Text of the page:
Honolulu delivers exactly what you expect of it – a sparkling crescent of colour, kitsch and curling surf. And if you grew up watching endless repeats of Blue Hawaii and Hawaii Five-O you'd be disappointed with anything else. Honolulu is one of the world's most striking cities, a long, slender strip of 400,000 people with beach out the front and a phalanx of extinct volcanoes out the back. It's also supremely easy to navigate (turn left at the beach, turn right at the beach) and has a thoughtful chain of ABC Stores sited every 20 metres, so you're never far from a beer, postcard or T-shirt. Someday all cities will be made this way.
No matter how many modern hotels get built behind Waikiki Beach, it always looks fabulously 1950s. Embrace it – buy the Aloha shirt, take the ukulele lesson and definitely hire a longboard at $10-$20 an hour (the Waikiki surf is as benign as the island). If you need to get serious, head for Bishop Museum (bishopmuseum.org/), where an imposing piece of late 19th century architecture has been converted to tell Hawaii's story from the time it was first squeezed out of a magma reserve. There's history and art at the beautiful Iolani Palace (iolanipalace.org/), the only royal seat to hold court on American soil. And the profound influence of Chinese sugarcane labourers on Hawaii's racial mix has its roots in the gritty Chinatown.
One of America's great eating experiences awaits you in Honolulu: whatever else you do, don't miss Uncle Bo's Pupu Bar & Grill (unclebosrestaurant.com). Utterly unprepossessing from the outside (and on a perfectly ordinary street), inside is a space of colour and light and stellar plates of modern Hawaiian cuisine. A few doors up, Leonard's Bakery sells a soft, chewy Portuguese doughnut which has people queuing from 5.30am. At dawn you should do cheerful beachfront breakfast at Lulu's (luluswaikiki.com); at dusk you should flex the plastic for a table at the gorgeous 1927 Royal Hawaiian hotel right on Waikiki.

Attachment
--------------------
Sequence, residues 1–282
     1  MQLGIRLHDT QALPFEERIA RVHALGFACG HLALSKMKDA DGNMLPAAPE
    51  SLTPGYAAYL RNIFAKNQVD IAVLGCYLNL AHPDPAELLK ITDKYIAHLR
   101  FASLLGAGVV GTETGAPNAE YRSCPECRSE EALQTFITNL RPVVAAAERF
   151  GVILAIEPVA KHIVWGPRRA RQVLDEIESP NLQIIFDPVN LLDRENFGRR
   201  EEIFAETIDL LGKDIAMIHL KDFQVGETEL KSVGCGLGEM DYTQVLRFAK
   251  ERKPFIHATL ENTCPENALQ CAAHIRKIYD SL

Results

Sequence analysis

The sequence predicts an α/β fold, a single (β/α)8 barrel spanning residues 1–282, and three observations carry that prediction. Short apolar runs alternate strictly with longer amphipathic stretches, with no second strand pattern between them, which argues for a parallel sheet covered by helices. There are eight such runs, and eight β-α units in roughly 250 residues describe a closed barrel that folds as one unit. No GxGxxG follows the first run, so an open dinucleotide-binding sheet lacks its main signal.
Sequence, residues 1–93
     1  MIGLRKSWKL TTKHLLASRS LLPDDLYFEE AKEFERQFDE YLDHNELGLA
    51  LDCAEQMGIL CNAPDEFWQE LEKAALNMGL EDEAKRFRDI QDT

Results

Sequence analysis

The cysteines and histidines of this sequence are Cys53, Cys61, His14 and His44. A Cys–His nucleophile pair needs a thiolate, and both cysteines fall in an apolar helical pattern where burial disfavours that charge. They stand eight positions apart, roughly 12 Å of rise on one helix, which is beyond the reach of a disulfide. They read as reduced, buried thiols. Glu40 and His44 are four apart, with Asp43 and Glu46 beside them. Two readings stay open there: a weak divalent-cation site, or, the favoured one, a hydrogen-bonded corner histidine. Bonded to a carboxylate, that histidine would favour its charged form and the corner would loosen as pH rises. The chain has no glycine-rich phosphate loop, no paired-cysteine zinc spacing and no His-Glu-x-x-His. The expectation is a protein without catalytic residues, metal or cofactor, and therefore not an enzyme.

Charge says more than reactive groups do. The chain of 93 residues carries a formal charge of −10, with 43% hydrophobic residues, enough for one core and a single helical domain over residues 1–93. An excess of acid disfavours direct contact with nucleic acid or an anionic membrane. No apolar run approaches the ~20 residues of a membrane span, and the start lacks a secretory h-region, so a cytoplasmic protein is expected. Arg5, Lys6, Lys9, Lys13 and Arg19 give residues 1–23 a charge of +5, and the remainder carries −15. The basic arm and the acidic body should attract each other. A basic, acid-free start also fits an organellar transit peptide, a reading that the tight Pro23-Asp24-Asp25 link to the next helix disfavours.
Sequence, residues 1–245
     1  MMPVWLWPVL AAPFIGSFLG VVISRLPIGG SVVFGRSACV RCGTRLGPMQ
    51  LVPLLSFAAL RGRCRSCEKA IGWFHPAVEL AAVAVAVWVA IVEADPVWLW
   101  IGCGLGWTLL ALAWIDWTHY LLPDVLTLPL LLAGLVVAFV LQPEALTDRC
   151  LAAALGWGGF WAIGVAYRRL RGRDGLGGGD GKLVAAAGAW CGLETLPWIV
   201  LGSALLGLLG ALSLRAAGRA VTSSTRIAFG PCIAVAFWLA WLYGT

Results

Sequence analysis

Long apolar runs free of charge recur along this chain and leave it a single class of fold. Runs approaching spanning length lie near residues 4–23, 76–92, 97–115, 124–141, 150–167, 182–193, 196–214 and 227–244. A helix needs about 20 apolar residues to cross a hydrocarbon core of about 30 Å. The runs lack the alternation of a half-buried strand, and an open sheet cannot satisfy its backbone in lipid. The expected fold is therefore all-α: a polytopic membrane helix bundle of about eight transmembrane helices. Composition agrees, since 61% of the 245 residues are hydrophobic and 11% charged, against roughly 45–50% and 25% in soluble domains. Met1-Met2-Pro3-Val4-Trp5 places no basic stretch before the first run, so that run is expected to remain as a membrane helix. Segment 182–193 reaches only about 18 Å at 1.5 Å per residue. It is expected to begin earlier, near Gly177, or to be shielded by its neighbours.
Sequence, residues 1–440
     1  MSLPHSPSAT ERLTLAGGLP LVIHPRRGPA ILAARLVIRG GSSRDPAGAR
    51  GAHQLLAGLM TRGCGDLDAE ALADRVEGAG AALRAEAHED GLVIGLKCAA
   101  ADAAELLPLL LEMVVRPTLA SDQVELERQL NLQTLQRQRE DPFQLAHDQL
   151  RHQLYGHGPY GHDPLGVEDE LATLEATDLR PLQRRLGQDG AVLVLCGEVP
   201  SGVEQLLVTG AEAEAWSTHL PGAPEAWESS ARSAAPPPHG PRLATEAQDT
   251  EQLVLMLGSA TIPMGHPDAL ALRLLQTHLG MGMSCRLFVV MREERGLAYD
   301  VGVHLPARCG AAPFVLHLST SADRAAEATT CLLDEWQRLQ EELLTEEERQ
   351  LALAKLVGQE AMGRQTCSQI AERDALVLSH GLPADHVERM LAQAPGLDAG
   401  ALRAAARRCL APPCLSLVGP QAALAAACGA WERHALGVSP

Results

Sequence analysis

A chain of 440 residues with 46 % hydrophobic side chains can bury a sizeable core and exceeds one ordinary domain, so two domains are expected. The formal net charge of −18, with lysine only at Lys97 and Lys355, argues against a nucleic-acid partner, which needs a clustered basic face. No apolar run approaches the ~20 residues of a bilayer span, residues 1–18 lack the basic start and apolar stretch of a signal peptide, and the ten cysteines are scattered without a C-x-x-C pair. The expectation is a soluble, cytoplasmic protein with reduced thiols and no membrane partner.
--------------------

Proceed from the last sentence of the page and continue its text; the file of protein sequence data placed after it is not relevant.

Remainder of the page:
Diamond Head (hawaiistateparks.org) is something like Hobart's Mount Wellington, an imposing piece of topography within city limits. The extinct volcano is a popular early-morning hike, with the 1½-hour round-trip crossing the crater floor before scaling the rim to look over Honolulu. The stroll back to Waikiki is also terrific, taking you past seafront real estate where Honolulu's rich and famous hang ten (million dollars).
Pearl Harbor is the place to visit the poignant floating memorial moored over the wreck of the USS Arizona, sunk on December 7, 1941. But the naval base complex is home to other attractions, including the USS Bowfin submarine, the Mighty Mo battleship (the USS Missouri on which Japanese surrender was signed) and a slew of thoughtful, balanced and conciliatory displays.
For a happier memorial, visit the statue of Duke Kahanamoku on Waikiki. The 1920s father of modern surfing is always garlanded with fresh flowers.
If you've got lots of hula moolah, stay at handsome beachfront hotels like the Moana Surf-Rider (moana-surfrider.com/) or Royal Hawaiian (royal-hawaiian.com). If you haven't, try the big old Queen Kapiolani (queenkapiolani.com/), one street back from the happy action and ceaseless surf.
Visiting the USS Arizona memorial is free, but for safe passage book online before your visit (recreation.gov). The complex gets 1.8 million visitors every year, and ferrying all those people out to the relatively small memorial is a military operation.
Max Anderson travelled at his own expense.